Malay

Malaysia

ms_MY(*)

Maltese

Malta

mt_MT(*)

Norwegian (Bokmål)

Norway

no_NO

Norwegian (Nynorsk)

Norway

no_NO_NY

Polish

Poland

pl_PL

Portuguese

Brazil

pt_BR(*)

Portuguese

Portugal

pt_PT(*)

Romanian

Romania

ro_RO

Russian

Russia

ru_RU

Serbian (Cyrillic)

Bosnia and Herzegovina

sr_BA(*)

Serbian (Cyrillic)

Montenegro

sr_ME(*)

Serbian (Cyrillic)

Serbia

sr_RS(*)

Serbian (Latin)

Bosnia and Herzegovina

sr_Latn_BA(**)

Serbian (Latin)

Montenegro

sr_Latn_ME(**)

Serbian (Latin)

Serbia

sr_Latn_RS(**)

Slovak

Slovakia

sk_SK

Slovenian

Slovenia

sl_SI

Spanish

Argentina

es_AR

Spanish

Bolivia

es_BO

Spanish

Chile

es_CL

Spanish

Colombia

es_CO

Spanish

Costa Rica

es_CR

Spanish

Dominican Republic

es_DO

Spanish

Ecuador

es_EC

Spanish

El Salvador

es_SV

Spanish

Guatemala

es_GT

Spanish

Honduras

es_HN

Spanish

Mexico

es_MX

Spanish

Nicaragua

es_NI

Spanish

Panama

es_PA

Spanish

Paraguay

es_PY

Spanish

Peru

es_PE

Spanish

Puerto Rico

es_PR

Spanish

Spain

es_ES

Spanish

United States

es_US(*)

Spanish

Uruguay

es_UY

Spanish

Venezuela

es_VE

Swedish

Sweden

sv_SE

Thai (Western digits)

Thailand

th_TH

Thai (Thai digits)

Thailand

th_TH_TH

Turkish

Turkey

tr_TR

Ukrainian

Ukraine

uk_UA

Vietnamese

Vietnam

vi_VN

(*)   Data for these locales are derived from the Unicode Consortium's Common Locale Data Repository release 1.4.1 on an "AS-IS" basis.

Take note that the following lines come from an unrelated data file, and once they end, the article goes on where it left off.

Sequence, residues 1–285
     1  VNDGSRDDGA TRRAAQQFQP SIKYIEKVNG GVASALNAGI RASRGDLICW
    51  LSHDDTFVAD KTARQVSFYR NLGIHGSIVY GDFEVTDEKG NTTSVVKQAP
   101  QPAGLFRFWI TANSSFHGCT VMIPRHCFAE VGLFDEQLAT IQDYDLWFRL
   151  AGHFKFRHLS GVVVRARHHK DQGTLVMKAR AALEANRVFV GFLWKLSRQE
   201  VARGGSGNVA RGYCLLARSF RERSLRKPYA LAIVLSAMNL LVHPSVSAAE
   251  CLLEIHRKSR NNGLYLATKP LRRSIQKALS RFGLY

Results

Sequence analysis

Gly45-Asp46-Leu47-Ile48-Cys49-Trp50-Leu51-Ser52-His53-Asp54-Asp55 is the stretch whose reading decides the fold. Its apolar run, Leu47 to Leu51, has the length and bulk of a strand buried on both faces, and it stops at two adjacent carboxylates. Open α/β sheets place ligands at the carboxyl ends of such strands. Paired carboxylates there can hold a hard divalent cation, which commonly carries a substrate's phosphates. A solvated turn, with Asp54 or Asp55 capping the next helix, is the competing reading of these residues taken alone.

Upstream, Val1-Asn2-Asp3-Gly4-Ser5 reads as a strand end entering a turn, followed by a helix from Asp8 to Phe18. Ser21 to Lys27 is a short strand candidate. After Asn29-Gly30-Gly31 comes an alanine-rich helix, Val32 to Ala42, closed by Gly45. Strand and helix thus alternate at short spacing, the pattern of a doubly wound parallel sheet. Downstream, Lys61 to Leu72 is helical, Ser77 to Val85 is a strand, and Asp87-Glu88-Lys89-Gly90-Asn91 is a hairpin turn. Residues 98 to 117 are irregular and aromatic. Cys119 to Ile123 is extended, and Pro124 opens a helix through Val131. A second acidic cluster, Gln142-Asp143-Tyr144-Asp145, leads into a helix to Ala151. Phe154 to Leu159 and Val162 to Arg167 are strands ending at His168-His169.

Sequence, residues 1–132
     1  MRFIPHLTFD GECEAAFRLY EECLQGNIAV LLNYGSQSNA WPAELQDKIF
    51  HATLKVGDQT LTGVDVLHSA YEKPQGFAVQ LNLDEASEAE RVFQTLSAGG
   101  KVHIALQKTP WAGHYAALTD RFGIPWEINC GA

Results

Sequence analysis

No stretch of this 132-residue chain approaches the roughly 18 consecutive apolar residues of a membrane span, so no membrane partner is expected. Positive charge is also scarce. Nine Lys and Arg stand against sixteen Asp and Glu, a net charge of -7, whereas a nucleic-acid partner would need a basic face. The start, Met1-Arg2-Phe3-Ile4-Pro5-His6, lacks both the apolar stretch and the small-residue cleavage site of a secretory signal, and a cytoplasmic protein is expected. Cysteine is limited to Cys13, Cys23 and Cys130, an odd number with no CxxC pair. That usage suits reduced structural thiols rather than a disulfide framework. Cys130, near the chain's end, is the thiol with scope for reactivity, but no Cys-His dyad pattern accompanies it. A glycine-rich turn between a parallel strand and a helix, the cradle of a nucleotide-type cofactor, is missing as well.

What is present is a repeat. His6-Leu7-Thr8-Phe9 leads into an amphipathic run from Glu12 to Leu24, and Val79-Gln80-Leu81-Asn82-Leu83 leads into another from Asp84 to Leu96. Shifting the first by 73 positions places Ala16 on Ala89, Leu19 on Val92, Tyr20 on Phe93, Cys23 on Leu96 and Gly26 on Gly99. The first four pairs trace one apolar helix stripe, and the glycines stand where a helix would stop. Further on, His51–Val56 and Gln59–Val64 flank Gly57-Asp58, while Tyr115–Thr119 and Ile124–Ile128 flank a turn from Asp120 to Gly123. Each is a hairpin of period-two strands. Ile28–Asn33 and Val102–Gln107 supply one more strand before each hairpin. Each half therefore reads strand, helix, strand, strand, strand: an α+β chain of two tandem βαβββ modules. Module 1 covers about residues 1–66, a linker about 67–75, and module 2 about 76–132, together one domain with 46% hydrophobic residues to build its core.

(**) Data for these locales are derived from the Unicode Consortium's Common Locale Data Repository release 1.9 on an "AS-IS" basis.

(***) Arabic, Hebrew, Hindi and Thai locales are not currently supported in JavaFX


Enabled Writing Systems for Java Foundation Classes

Overview

For the Java Foundation Classes (AWT, Swing, 2D, input method framework, drag and drop), locales can generally be characterized by just the writing system; there are no country or language specific distinctions. Writing system support in the JFC depends to some extent on the host operating system, and full support for simultaneous use of multiple languages is not always possible.

We consider a writing system supported by JFC if all functionality provided by JFC works adequately for this writing system in the following situations:

  • On Windows XP, 2003, Vista, and 7 when running on a Windows system with both the user locale and the system locale set to a language using that writing system.
  • On Solaris and Linux, when running on a host operating system with the locale set to one using that writing system and one of the encodings shown for that writing system in the table below.

Oracle's Java SE Development Kit 7 and the Java SE Runtime Environment 7 support all writing systems shown below. Peered AWT components are only supported for a subset of the writing systems - see the last column.

Details on various areas of functionality are provided in the sections below.

Supported Writing Systems

Writing System

Languages

Windows Encodings

Solaris Encodings

Linux Encodings

Peered AWT Components

Arabic

Arabic

1256

8859-6,
UTF-8

UTF-8

unsupported

Chinese (Simplified)

Chinese

936,
GB18030

gb2312,
UTF-8,
GBK,
gb18030

GB18030,
UTF-8

supported

Chinese (Traditional)

Chinese

950,
HKSCS

cns11643,
UTF-8,
BIG5,
BIG5HK

UTF-8